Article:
Disclaimer: I love C++11! It’s the best thing that happened to C++ since I’m using it (mid-90’s). I’ve been hoping for lambda‘s in C++ since I discovered and started using Lisp. Elisions and move semantics – together with unique and shared pointers – pretty much free you from thinking about memory management! It’s just amazing! Check out “Going Native” talks on YouTube, incl. amazing talks by the likes of Stroustrup, Sutter, Lavavej, et al.
If you don’t want to read my rant, here’s the point – function objects are objects – they can get copied, unless you specify otherwise, so beware that you’re working on a copy, or pass std::ref.
I’ve spend quite a bit of time these days searching for a simple way to send email from C++.
There sure is a lot of stuff on this on the Net, but there was one trouble – the program I’m writting is an NT service. Thus, all those MAPI-based solutions didn’t work for me (there are simply too many small things you have to take care of, that disable simple installation of software).
So, I just looked up “SMTP” on Wikipedia, and believe it or not, it was enough. I just wrote the whole thing as a pure plain-text communication with SMTP server, at it worked at first shot, haha!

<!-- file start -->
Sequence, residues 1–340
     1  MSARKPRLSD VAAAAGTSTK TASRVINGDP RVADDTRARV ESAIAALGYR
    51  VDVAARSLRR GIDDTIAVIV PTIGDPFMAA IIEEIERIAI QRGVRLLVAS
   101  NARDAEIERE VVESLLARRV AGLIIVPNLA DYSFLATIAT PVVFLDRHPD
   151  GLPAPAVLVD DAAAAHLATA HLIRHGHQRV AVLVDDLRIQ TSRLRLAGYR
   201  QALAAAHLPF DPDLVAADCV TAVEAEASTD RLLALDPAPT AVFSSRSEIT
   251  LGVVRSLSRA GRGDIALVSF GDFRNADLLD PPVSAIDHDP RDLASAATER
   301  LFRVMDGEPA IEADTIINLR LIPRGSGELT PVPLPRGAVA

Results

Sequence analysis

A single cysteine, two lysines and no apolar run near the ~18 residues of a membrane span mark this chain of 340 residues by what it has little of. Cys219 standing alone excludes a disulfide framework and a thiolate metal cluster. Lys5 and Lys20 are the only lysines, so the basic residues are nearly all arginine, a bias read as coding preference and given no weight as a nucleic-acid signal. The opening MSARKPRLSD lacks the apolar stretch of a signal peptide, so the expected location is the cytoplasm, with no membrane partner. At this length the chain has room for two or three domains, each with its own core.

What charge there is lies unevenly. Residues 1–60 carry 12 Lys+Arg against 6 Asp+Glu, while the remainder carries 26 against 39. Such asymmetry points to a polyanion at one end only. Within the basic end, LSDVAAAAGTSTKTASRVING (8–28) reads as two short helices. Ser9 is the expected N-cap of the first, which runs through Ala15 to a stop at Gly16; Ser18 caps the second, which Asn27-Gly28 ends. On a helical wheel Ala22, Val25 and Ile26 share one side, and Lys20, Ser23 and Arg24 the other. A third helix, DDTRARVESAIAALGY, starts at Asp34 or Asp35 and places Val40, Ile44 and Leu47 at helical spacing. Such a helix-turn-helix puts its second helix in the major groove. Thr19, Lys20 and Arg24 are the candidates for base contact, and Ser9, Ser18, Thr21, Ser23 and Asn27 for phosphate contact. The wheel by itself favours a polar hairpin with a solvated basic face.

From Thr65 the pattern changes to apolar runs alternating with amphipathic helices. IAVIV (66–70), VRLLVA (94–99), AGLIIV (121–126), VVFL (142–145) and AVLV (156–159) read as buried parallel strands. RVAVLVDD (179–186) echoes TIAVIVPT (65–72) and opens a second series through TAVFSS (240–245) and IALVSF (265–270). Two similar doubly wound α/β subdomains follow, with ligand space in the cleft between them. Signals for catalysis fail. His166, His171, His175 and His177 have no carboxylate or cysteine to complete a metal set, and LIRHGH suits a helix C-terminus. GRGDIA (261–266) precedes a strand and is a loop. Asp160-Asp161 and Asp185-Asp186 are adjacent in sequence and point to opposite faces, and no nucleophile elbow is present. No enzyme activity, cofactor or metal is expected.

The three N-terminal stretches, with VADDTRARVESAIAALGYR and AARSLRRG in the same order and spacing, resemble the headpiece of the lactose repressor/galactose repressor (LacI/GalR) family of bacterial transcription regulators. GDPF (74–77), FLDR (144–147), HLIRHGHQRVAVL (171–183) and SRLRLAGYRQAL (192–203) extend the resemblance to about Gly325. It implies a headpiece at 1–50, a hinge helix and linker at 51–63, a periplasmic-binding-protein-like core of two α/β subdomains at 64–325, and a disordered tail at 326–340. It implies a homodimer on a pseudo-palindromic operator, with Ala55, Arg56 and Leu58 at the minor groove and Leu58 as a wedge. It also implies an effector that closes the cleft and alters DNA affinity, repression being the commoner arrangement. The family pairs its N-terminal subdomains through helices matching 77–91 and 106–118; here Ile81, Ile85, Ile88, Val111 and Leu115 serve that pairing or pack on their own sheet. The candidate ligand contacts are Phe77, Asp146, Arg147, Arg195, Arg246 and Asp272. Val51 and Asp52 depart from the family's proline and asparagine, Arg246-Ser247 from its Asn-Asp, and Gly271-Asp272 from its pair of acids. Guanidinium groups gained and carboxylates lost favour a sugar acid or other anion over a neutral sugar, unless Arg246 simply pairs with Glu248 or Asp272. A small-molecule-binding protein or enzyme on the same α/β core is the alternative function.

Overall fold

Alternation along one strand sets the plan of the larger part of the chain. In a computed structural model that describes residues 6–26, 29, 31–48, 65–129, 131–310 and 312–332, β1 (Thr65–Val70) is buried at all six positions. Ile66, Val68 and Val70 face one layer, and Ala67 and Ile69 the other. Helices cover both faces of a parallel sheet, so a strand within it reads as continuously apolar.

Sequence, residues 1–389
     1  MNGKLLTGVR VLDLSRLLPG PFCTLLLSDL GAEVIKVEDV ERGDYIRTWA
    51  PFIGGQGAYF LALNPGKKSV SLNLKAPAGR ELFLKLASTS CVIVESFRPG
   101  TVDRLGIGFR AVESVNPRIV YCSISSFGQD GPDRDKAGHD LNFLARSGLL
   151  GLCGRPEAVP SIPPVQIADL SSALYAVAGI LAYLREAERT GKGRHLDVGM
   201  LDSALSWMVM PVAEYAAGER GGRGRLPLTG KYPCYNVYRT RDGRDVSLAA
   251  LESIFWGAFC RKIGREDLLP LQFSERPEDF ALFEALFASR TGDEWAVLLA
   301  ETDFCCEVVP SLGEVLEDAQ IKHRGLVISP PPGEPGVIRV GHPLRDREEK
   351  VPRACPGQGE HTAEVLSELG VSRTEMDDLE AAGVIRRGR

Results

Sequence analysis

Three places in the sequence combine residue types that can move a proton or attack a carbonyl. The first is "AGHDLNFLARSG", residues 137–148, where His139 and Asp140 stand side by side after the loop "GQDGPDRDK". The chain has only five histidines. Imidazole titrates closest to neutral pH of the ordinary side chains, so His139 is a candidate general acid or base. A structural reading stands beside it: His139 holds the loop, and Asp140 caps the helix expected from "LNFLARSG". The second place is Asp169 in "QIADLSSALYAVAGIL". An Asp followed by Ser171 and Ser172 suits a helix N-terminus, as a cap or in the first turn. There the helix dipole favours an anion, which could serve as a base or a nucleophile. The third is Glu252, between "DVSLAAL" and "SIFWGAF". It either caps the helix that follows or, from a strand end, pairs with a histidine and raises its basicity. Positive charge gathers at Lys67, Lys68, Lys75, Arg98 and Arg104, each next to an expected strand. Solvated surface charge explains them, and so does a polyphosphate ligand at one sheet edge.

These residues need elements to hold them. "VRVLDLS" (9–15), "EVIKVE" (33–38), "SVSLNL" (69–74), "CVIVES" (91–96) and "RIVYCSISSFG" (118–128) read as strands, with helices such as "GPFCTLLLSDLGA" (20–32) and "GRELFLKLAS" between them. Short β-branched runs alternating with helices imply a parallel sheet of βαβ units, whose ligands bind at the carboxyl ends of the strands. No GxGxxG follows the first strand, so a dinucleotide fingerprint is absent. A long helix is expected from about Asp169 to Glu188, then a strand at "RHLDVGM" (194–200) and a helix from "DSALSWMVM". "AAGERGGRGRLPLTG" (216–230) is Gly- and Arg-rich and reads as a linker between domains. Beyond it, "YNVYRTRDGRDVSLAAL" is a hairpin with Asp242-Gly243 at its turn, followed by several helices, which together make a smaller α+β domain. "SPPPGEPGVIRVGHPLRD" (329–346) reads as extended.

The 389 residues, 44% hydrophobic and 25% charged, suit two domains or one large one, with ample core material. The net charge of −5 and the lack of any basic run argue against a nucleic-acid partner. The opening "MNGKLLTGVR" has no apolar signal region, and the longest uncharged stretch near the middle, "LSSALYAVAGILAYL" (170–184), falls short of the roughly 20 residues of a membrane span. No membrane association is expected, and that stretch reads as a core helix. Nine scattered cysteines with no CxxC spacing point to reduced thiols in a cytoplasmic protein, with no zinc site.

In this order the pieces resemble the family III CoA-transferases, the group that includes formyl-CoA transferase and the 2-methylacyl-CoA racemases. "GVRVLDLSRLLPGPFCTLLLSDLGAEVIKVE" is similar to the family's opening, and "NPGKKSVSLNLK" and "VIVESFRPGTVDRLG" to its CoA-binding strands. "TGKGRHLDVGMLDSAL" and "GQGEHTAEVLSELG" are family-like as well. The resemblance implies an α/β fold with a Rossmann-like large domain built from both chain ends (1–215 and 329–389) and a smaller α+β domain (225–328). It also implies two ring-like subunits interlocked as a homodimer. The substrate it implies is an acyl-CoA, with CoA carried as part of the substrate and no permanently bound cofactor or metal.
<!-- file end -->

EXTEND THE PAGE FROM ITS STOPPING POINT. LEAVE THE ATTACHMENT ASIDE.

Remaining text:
If you’re not in mood to read all I have to say, and want just simple plain tips, feel free to skip to the end of post. 🙂
About a month ago, I was trying to set-up ICS (Internet Connection Sharing) between my computer and my wife’s laptop.
There sure are many guides on the Net about how to set all up, and what to do or not to do. Unfortunately, many of them are contradicting each other (or sometimes even themselves, haha!).
All I needed to set up was the ICS itself, no disk/file/printer sharing. Thus, most of stuff that follows won’t be useful for anyone who needs also any other kind of sharing, except of the connection to the internet. To be precise, switching off all other kinds of sharing helped me to achieve much higher stability of service.